PALM relies on the stochastic activation of photoactivatable or photoconvertible proteins to obtain super-resolution images. More precisely, using low intensity activation light, a small percentage of fluorescent proteins are activated at a given time-interval. Each fluorophore is then localized with high precision by fitting its fluorescence emission with a two-dimensional Gaussian function (Betzig et al., 2006; Hess et al., 2006). Since each photo-converted molecule remains visible for a short time period before photobleaching, it is possible to track their position allowing the generation of trajectories and the computation of diffusion coefficients. This approach of single particle tracking using PALM (sptPALM) has been recently successfully employed (Manley et al., 2008; Hoze et al., 2012). The stochastic activation of several well-separated molecules over a given time period provides a random sampling with hundreds of trajectories. In addition, rapid photobleaching allows the sampling of a large number of molecules (hundreds to thousands) with higher accuracy within a given field of view.

A high-level of ATP is released during tissue injury, inflammatory pain, and even in some neurodegenerative disorders (Orellana et al., 2011; Shrivastava et al., 2013, reviewed in Khakh and North, 2012). Therefore, it is important to understand ATP-dependent reorganization and clustering of P2X7Rs and identify factors defining their dynamics. More specifically, we aimed to study how ATP regulates the diffusion of P2X7Rs. We performed high-density mapping of P2X7Rs using the sptPALM approach. Even after over-expression and high-density imaging, P2X7Rs were rarely detected at synapses, suggesting a predominantly non-synaptic localization of these receptors and no synaptic enrichment. Consequently, we focused our study on extra-synaptic receptors. We found that non-synaptic P2X7Rs can be either freely diffusing or trapped within nanoclusters. Mutation disturbing the conserved N-terminus phosphorylation site (Boué-Grabot et al., 2000) revealed that the N-terminal conformation regulates P2X7R diffusion. In addition, perturbation of the ATP-binding pocket by point mutation (Wilkinson et al., 2006) or by ATP binding (Hattori and Gouaux, 2012) altered receptor diffusion. Altogether, our results suggest that the structural conformation of P2X7Rs determines their mobility and confinement on the plasma membrane.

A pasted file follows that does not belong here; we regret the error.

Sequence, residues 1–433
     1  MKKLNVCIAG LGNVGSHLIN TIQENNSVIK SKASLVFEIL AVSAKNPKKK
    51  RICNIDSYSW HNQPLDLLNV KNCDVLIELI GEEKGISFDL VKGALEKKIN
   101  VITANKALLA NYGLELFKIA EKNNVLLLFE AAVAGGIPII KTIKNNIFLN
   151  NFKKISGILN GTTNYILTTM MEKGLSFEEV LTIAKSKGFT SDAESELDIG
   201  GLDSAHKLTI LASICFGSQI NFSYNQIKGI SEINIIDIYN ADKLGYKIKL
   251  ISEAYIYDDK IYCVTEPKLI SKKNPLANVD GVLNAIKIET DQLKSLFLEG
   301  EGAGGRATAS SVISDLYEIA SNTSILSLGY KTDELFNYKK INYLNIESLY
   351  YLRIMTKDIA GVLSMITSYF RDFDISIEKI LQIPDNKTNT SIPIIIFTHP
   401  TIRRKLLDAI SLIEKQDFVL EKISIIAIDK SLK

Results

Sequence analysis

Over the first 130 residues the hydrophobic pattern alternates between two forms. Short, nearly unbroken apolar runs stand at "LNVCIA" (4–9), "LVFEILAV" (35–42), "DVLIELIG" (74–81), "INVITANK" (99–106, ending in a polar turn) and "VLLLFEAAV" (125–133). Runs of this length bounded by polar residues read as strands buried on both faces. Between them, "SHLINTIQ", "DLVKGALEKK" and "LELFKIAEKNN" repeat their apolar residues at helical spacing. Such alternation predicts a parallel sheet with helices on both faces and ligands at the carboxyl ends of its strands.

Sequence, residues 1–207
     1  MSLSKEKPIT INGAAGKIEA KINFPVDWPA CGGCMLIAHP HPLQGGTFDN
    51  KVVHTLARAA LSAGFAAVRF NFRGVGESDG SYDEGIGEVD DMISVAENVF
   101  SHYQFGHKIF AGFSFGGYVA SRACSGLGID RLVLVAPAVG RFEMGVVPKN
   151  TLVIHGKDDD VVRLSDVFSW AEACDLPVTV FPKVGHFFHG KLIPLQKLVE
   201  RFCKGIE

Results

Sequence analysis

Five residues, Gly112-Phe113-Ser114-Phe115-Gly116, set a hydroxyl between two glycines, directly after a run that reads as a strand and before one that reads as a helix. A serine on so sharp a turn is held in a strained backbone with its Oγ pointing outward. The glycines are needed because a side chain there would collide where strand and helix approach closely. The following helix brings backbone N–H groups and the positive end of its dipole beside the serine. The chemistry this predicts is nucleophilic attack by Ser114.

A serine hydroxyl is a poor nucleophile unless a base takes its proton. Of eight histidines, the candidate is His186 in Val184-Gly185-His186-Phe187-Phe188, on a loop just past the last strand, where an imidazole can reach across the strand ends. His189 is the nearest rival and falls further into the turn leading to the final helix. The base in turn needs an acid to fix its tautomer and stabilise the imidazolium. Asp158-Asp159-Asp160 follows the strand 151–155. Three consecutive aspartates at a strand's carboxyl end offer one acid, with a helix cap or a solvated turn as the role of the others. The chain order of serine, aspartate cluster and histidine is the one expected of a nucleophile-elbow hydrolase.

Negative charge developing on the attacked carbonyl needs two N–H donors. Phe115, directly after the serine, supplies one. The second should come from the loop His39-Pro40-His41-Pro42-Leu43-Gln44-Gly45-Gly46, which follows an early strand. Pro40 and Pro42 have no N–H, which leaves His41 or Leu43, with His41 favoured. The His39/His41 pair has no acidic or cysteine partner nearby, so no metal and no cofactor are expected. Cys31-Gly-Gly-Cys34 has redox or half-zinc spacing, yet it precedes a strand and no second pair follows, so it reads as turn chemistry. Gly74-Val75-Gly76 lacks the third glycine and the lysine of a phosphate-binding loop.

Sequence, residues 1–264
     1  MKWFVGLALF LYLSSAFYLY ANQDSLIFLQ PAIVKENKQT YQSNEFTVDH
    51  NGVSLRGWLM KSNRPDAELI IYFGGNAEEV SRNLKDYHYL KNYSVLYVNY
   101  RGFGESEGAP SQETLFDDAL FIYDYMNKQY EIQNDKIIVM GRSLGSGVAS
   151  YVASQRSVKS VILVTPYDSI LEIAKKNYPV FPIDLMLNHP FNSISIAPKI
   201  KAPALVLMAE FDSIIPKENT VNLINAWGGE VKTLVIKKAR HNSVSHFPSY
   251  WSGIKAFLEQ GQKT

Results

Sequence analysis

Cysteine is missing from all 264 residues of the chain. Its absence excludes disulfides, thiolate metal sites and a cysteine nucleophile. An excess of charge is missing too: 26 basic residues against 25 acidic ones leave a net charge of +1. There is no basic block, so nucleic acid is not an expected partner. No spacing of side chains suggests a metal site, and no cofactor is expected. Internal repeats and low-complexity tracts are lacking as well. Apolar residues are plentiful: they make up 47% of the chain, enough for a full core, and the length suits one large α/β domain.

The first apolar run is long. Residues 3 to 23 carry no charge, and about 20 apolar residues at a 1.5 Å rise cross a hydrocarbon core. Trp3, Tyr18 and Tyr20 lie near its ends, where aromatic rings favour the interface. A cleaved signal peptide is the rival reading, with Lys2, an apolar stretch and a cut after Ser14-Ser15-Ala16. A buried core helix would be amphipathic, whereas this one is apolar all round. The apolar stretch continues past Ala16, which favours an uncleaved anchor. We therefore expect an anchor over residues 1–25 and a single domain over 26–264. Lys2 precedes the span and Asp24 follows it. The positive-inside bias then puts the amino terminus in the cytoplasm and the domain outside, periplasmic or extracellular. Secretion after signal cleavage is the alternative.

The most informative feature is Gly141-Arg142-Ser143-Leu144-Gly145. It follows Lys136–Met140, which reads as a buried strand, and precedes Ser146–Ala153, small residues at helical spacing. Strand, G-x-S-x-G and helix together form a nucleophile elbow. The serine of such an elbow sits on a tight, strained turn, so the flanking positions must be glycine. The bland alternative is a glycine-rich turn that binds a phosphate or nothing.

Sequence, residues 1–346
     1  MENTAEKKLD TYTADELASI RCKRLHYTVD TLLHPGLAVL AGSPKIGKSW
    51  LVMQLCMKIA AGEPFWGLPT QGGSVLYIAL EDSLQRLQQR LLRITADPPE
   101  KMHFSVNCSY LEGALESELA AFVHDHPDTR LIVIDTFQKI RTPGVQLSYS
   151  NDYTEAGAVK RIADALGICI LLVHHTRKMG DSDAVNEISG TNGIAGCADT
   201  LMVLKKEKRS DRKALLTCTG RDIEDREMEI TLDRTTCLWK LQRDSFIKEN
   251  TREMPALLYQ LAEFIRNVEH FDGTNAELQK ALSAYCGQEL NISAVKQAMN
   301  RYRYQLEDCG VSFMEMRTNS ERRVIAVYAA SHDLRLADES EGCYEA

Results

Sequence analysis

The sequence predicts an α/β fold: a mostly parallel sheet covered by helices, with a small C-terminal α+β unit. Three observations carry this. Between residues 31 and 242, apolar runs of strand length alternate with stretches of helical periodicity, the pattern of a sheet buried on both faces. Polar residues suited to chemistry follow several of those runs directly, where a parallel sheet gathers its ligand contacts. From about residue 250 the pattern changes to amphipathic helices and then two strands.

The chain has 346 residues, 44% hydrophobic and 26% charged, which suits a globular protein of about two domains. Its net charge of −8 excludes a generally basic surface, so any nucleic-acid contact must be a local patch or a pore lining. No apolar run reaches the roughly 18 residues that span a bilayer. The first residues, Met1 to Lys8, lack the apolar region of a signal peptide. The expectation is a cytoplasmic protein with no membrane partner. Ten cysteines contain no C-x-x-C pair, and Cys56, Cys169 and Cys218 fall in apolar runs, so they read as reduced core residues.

Materials and Methods

Plasmid and Antibodies

Rat P2X7R-EGFP plasmid was kindly provided by Francois Rassendran (Montpellier). The EGFP sequence was downstream of P2X7 coding region between AgeI and NotI restriction sites (pEGFP-N1 vector) and generated as described previously (Compan et al., 2012). Sequence coding for EGFP was replaced with Dendra2 sequence to generate P2X7-Dendra2 plasmid. Dendra2 is a monomeric fluorescent protein that undergoes irreversible photoconversion from green- to red-emitting state and has a high photo-conversion yield (Adam et al., 2009). Site-directed mutagenesis (Agilent) was performed on P2X7-Dendra2 plasmid to generate K17A and K64A mutant P2X7Rs. The following antibodies were used for immunocytochemistry: rabbit Tau (1:1000, Synaptic System), mouse MAP2 (1:1000, Millipore) and rabbit Synapsin (1:800, Synaptic System).

Cell Culture and Transfection

Primary hippocampal cultures were prepared from 18-days-old Sprague–Dawley rat embryos. Neurons were plated at a density of 0.6 × 105 cells/well on 18 mm coverslips pre-coated with 80 μg/ml poly-D, L-ornithine (Sigma). Freshly dissociated cells were plated in neuronal attachment media consisting of 10% horse serum (PAA Labs), 1 mM sodium pyruvate (Life Technologies) and 2 mM glutamine (Life Technologies) in MEM (Life Technologies). Three hours after plating, media was replaced with neurobasal media containing 2 mM glutamine and 2% B27. Cells were maintained by replacing one-fourth of the medium with fresh culture medium every week. Transfection was performed using Lipofectamine-2000 reagent (Invitrogen) according to the manufacturer's instructions. Cells were transfected with 0.4 μg plasmid per coverslip at days in vitro (DIV) 12. Imaging was performed on DIV 14.